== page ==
The threaded and tapered pipe end or other passage, or equivalent passage means, can be embedded in the trunk to the extent of at least 1 inch in length and the elongated peripheral slits are at least one half-inch in length and have an aspect ratio (i.e., ratio of length to width) of at least 10 times and a slit depth less than slit length and preferably no greater than one-fourth of slit length. The elongated slits are preferably formed as kerfs arranged along diametral planes passing through the passage axis 12. The kerfs are made by saw cuts through the exit end of the pipe, preferably extending more than halfway from the end to the stop. Such saw cuts can also be made through radial, as well as or in addition to axial, direction of attack of the saw blade. Such slit formation provides minimum interference with the integrity of the tapered and threaded end portion.
Preferably multiple axial saw cuts are made along orthogonally arranged diametral planes to form the elongated slits which communicate with the central passage and the exterior of the pipe to provide fluid communication to the tree trunk circulation system.
The width of each slit should be no greater than necessary to assure its continuity in the axial direction and the width and the number of slits in the device, the aggregate area of the peripheral slit exits will be greater than the open axial end area. At least one of the multiple diametral planes has such continuity. In making a second saw cut orthogonal to a first saw cut, the second saw cut may deposit material in the first saw cut to make it discontinuous in the axial direction; but this is tolerable so long as the second saw cut itself is completely open. In the course of usage of the injection device, solids may precipitate out from solutions fed through the device and the central passage and slits should be cleaned out from time to time by air blowings.
References to axial, axial passage, or the like herein refer to the center axis of the passage 18 in the embodiment of FIGS. 1-2, other longitudinal axes parallel to the center axes or passages along such axes, or
any equivalent thereof. References to diametral or radial herein refer to planes containing such axial passages and may also include, inter alia, spiral planes in addition to flat planes extending generally in the axial direction.
FIG. 3 shows a multiplicity of the units 10 injected into a trunk T. The units 10 are fed by a common supply pipe 30 which is preferably a transparent plastic hose having multiple quick coupling/quick disconnect outlets for connection to the various units 10 at their inlet openings.
Smaller or larger trunks will take smaller or larger members of injection apparatus units.
A common source of feed carrying liquid, such as a pressure tank 32, is connected to the inlet of hose 30 to feed the various units 12 in fluid parallel via the parallel outlets of hose 30.
In field use of the present invention with units 10 spaced 6 inches apart for insertion into trunks and using a gallon tank 32 at 8 pounds pressure setting, it was found that units 10 all remained embedded and maintained a rapid feeding at all of the spaced points of injection. Installation was made at 1 foot above ground level in these feedings.
In preparing a trunk for feeding the units 10 are first inserted by hand into the trunk using the taper and threads thereof to facilitate insertion. Then the outlets of hose 30 are fitted to the units. Then a wrench is applied to the hexagonal collar 28 of each unit to advance the unit and butt the collar solidly against the trunk. Pressure feeding is then commenced.
There has been described simple, reliable and inexpensive apparatus and techniques for pressure feeding fluids to trunks with highly dispersed distribution, usability with a variety of trunk sizes and which permit unattended feeding.
It is evident that those skilled in the art, once given the benefit of the foregoing disclosure, may now make numerous variations from and other uses of the specific embodiments herein, without departing from the concept of the invention. Accordingly, the invention is to be construed as embracing each and every novel feature and novel combination of features present in and- /or possessed by the apparatus and techniques herein disclosed and limited solely by the scope and spirit of the appended claims.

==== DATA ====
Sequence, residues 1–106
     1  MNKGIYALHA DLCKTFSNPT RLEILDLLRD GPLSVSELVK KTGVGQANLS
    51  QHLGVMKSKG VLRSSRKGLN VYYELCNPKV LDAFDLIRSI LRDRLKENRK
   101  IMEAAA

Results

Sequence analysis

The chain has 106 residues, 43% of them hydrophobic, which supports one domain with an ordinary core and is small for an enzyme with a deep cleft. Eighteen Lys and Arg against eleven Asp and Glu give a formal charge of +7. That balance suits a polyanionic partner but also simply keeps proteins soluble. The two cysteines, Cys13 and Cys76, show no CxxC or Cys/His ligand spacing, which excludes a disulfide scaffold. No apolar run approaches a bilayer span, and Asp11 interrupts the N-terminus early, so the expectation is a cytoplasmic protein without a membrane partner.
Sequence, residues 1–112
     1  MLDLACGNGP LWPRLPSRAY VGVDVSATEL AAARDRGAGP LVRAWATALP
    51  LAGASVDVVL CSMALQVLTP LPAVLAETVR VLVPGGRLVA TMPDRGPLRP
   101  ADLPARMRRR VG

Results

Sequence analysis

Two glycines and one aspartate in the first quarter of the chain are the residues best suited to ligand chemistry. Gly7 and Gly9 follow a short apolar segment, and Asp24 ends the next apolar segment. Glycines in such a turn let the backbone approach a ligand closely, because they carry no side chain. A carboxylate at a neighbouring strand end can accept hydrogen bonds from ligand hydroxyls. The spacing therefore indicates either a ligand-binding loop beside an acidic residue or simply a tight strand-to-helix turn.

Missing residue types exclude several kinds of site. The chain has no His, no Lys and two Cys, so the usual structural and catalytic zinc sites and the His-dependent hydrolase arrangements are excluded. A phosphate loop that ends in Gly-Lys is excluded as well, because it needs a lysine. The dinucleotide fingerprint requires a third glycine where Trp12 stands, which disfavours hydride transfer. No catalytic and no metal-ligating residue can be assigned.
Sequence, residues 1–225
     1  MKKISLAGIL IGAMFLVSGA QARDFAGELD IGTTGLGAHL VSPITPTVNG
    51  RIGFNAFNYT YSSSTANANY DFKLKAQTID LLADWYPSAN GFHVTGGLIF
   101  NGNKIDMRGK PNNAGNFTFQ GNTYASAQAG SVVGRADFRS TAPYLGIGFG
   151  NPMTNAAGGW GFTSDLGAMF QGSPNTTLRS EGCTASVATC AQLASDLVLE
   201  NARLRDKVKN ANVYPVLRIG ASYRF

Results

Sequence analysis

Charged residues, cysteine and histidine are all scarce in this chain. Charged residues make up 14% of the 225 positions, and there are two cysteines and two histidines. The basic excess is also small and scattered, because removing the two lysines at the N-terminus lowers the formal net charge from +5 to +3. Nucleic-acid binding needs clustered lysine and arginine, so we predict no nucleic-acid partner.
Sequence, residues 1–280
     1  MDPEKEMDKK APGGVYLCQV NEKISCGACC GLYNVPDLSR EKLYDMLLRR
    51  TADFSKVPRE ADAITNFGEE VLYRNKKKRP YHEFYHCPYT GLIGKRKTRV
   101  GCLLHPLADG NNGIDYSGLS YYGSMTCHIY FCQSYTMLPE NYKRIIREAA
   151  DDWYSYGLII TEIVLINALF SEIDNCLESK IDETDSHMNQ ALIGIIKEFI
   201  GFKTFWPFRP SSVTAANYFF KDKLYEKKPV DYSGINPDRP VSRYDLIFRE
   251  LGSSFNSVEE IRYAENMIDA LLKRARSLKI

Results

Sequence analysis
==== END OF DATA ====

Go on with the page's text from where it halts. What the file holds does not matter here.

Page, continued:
What is claimed is:
1. Apparatus for insertion into a wood body for transmitting fluid to said body comprising means forming an elongated tubular passage with supply and exit ends,
said exit end having a threaded and tapered outer surface and having said passage running coaxially therethrough and being formed with a plurality of longitudinal slits spanning the complete radial distance from said surface to said passage,
means defining an additional axially located end opening at said exit end,
the aggregate exit area of said slits being greater than the area of said end opening.
2. Apparatus in accordance with claim 1 wherein the passage forming means comprise a length of pipe,
and the said slits comprise at least one thin diametral kerf through the pipe in the region adjacent said exit end.
3. Apparatus in accordance with claim 2 wherein said slits comprise multiple intersecting orthogonaldiametral kerfs. 4. Apparatus in accordance with claim 2 and further comprising means at said supply end for receiving a quick connect coupling for fliud passage therein at the supply end of the pipe length, and means defining a stop between the supply and exit ends for limiting the penetration of said apparatus into said body. 5. Apparatus in accordance with claim 4 wherein said means defining a stop comprise an annular structure with peripheral facets thereon for receiving a wrench. 6. Apparatus in accordance with claim 1 and further comprising means at said supply end for receiving a quick connect coupling for fluid passage therein at the supply end of the pipe length, and means defining a stop between the supply and exit ends for limiting the penetration of said apparatus into a trunk. 7. Apparatus in accordance with claim 6 wherein said means defining a stop comprise an annular structure with peripheral facets thereon for receiving a wrench. 8. Apparatus in accordance with claim 1 and further comprising means defining a stop located in the supply end half of the length of the passage forming means between the supply and exit ends for limiting the penetration of said apparatus into a body, the said slits being wholly longitudinally within the exit end half of the length of the passage forming means but extending longitudinally more than halfway from said exit end to said stop. 9. Apparatus in accordance with claim 8 wherein the average longitudinal interval between successive threads of the threaded end is at least two times the average longitudinal thickness of the threads and the average pitch of said threads is less than the average diameter of said threaded end portion as measured at the thread roots. 10. Apparatus in accordance with claim 9 wherein said slits comprise multiple intersecting orthogonal diametral kerfs, said exit end includes an additional axially located end opening with an area less than aggregate exit area of said slits, and
means forming multiple fluid passages extending from said common fluid supply means to each of said apparatus units and being demountably coupled to the inlet means thereof to feed said units'in fluid parallel, and permitting said apparatus units to be inserted into a body at spaced locations.